Jack Reacher: Never Go Back
Cary, NC – Jack Reacher: Never Go Back is the sequel to the underrated Jack Reacher starring Tom Cruise and based on a series of novels by Lee Childs. Never Go Back is not quite as satisfying as its predecessor but it still manages to have plenty of solid, old school action and the mega charisma of star Tom Cruise.
I was a big, big fan of the first film. Featuring strong direction from Christopher McQuarrie (Mission: Impossible–Rogue Nation), Jack Reacher is a straight and narrow kind of action film. It’s not too flashy but delivers exactly what it promises. Also, that film’s villain was played by legendary filmmaker Werner Herzog, a true bizarro casting choice if there ever was one, and thankfully it worked like gangbusters.
Now, as I mentioned, Never Go Back doesn’t quite reach the level of the first film, but director Edward Zwick (The Last Samurai) takes over the reigns and still manages to deliver an entertaining ride.
Cobie Smulders, best known for her role on How I Met Your Mother, joins the fun as a former colleague of Reacher’s. Smulders has already proved herself action capable with the Captain America and Avengers films and she is no slouch here. She matches Cruise punch for punch (and there’s a lot of punching).
Cruise Doing What He Does Best
Cruise is exactly in his wheelhouse here: full-on action hero mode. The character of Reacher is pretty simple; he does what he thinks is right and simply punches his way through all the bad and it’s a lot of fun. There is a little more attitude to Reacher than, say, Ethan Hunt, Cruise’s character from the Mission: Impossible films, and Cruise knows just how to play it.
The one big fault of Never Go Back is its villain. And again, I’m not sure anything or anyone could top Herzog. It’s almost unfair to have to follow that. Robert Knepper (The Hunger Games, Prison Break) does his best though, and he’s fine. But overall it’s just another guy for Cruise to punch and unfortunately he fails to truly stand out.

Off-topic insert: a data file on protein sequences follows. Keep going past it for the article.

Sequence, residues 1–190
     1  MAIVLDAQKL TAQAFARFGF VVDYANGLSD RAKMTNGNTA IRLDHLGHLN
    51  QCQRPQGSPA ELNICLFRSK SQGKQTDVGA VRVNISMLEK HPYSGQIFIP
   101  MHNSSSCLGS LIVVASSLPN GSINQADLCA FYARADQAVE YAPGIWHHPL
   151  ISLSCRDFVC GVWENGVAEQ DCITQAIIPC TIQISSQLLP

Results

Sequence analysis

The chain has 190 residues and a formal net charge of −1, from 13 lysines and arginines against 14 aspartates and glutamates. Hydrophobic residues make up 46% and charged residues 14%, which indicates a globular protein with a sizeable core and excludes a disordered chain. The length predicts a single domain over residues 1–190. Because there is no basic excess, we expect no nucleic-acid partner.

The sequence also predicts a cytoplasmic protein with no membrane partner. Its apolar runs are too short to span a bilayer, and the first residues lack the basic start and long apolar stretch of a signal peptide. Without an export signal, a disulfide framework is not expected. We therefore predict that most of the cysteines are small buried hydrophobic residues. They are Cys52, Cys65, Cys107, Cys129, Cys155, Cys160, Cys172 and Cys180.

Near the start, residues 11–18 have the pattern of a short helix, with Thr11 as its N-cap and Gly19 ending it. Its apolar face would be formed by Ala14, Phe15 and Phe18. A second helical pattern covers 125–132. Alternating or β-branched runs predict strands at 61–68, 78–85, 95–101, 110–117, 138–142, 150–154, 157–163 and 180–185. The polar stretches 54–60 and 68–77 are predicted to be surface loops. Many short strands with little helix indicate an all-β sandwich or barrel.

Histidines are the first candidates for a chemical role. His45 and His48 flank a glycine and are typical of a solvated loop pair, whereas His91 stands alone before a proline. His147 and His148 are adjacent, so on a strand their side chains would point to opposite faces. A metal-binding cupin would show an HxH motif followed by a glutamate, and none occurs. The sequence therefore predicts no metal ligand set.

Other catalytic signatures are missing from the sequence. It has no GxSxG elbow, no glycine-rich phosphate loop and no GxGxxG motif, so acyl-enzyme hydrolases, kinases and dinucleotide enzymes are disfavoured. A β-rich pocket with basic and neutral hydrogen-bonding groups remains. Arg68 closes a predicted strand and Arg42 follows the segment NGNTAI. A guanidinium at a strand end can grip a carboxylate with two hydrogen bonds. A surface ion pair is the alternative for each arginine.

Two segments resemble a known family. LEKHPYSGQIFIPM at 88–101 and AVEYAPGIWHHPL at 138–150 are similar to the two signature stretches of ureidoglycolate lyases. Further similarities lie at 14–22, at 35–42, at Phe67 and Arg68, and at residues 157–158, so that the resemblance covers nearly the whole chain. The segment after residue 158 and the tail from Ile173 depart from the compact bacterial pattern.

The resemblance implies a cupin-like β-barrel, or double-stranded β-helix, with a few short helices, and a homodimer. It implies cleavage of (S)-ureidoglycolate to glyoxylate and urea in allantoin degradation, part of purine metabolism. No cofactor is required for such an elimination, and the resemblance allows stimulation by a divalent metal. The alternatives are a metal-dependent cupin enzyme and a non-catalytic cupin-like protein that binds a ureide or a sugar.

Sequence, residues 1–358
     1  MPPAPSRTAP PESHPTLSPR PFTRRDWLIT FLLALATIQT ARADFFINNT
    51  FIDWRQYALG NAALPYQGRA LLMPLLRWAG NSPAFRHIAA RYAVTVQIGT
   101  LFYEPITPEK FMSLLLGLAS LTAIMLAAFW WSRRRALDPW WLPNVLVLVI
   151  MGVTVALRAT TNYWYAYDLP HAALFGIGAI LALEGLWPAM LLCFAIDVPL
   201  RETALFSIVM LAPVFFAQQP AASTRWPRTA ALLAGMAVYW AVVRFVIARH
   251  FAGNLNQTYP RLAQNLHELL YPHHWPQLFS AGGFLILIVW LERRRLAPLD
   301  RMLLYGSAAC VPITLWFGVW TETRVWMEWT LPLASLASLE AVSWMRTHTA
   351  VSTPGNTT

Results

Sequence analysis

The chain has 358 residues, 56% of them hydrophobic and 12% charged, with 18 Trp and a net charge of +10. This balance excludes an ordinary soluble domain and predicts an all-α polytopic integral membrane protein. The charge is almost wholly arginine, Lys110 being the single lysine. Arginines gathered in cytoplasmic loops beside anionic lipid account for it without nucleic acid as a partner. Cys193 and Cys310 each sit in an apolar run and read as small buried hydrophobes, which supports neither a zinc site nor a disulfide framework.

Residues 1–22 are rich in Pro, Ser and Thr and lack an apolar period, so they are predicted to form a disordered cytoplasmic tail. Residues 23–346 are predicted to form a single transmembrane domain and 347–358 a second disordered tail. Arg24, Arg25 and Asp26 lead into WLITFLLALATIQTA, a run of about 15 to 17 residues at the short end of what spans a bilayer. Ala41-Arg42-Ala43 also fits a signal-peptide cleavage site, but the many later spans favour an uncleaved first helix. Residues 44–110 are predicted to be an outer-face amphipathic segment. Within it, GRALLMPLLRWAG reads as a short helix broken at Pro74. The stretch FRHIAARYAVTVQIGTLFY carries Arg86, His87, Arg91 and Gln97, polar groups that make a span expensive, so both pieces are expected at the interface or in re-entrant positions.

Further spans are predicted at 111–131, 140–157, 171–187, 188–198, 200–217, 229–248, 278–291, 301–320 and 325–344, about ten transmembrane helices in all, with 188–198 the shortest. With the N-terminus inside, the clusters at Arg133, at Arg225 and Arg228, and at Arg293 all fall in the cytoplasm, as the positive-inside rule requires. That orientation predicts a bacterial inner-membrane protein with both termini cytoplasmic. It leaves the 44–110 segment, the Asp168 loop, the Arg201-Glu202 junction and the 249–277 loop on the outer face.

Fun Action Film Worth The Trip
Still, Jack Reacher: Never Go Back is a lot of fun. A throwback to actions films of the 1980s and 90s that relies heavily on its star. Thankfully, Cruise delivers as always, making Never Go Back worth the trip!
Cary, NC – In a retelling of one of the most captivating court cases of the 20th Century, Denial brings attention a story that is uplifting as a piece of history but fails to energize the material much beyond the retelling of the court’s events.
Good Source for Drama
Denial is the true story of the Irving v. Penguin Books Ltd case where American historian and author Deborah Lipstadt was sued for libel by British author David Irving. Lipstadt wrote extensively about Jewish history and the Holocaust and called out Irving for his Holocaust denial. Irving sued Lipstadt, but under British libel law, the defendant has the burden to prove what they said was true. In other words, Lipstadt had to prove in court that the Holocaust was real and Irving knowingly lied about it.
This was a seminal case that Lipstadt won handily and it was seen as a cathartic way to relitigate the crimes of Nazi Germany, which is how the film plays it as well. And as a straightforward story, it is hard to be disappointed leaving Denial, having learned about such a powerful and unique court case.
Bad Source for Everything Else
Unfortunately, Denial does not hang much else on this strong framework. Lipstadt is played by Rachel Weisz who can be a hit or miss actress, with some highs (The Lobster) and lows (The Mummy). Here, Weisz is relatively bland, even when her Lipstadt character gives monologues about the Holocaust that are meant to evoke emotions from the audience but largely only feel like words in a script.
The other main actor is Timothy Spall (The King’s Speech, the Harry Potter franchise) who plays David Irving as a curmudgeonly man without much depth or spark. He’s effective in making the audience dislike Irving, particularly when the evidence of anti-Semetism comes out, but there is not much more to the character. But in a film that unfortunately does not do much with the real life story but retell it as accurately as it can, that is all Spall needs to do with his portrayal.
Part of the problem may be that director Mick Jackson is best known for making documentaries for the BBC and other British networks so he treats this film like a documentary and does not inject the necessary energy for a feature film. Although Jackson also directed Volcano and that had plenty of energy.
Worth It For History Fans
If you have no familiarity with the story of Deborah Lipstadt and David Irving and want to learn more, Denial does the job effectively and is, as far as I can tell, a true-to-life film. But other historical films, even ones that took place in courtrooms, have been able to wring more life and drama out of the events than Denial so do not expect much else.